There are serious concerns for the morale of this nation. That concern applies to every American as does the national debt. Crushing indeed to the spirit of free men. To begin the indenture \ enslavement of human to machine database was the death nail human liberty and thereto any potential human republic.

Thank you for the post, Kat.


I decided over two decades ago that I was at war and the people against me were going to pay. And they have. People can do exactly what I’ve done. These criminal regimes could murder me today and they will still have lost the war. The harm that I have caused them is greater than any harm they could cause me, including death. But they are too stupid to know it and too arrogant to care.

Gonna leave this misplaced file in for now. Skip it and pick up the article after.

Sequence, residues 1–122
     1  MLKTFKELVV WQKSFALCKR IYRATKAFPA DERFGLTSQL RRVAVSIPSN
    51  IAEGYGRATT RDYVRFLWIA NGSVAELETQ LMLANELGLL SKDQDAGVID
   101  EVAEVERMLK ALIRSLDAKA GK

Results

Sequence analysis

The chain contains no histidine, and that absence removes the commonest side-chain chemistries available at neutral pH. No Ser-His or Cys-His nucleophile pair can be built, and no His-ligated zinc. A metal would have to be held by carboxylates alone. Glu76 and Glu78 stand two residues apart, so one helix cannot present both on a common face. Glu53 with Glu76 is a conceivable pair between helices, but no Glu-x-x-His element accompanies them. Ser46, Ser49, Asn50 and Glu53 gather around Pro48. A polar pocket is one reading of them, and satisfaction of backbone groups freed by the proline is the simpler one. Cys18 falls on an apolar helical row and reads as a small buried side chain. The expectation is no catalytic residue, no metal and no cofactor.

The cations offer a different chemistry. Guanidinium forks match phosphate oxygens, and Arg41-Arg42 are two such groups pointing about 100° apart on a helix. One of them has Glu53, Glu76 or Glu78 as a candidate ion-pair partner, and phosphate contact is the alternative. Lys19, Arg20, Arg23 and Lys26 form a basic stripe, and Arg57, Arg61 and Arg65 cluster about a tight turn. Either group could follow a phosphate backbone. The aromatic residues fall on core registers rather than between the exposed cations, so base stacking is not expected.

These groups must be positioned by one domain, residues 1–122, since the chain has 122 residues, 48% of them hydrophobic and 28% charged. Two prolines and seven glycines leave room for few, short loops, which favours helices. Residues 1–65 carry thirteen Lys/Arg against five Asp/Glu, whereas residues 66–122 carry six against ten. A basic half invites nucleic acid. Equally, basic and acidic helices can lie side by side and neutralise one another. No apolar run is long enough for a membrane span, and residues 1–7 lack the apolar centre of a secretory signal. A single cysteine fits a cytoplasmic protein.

As long as I am alive and listed on a Registry, the people who support it will keep paying. All they are doing is adding to their casualties. No one thinks Registry Supporters are smart.

IF i had money i would fight. I’m on SSDI (yeah the fact that older folks have issues getting into old folks homes scares the shit out of me.) and can’t afford it.

otherwise i wold fight since the burden is mainly on my kids and not being able to find a good place. or that people look down on them.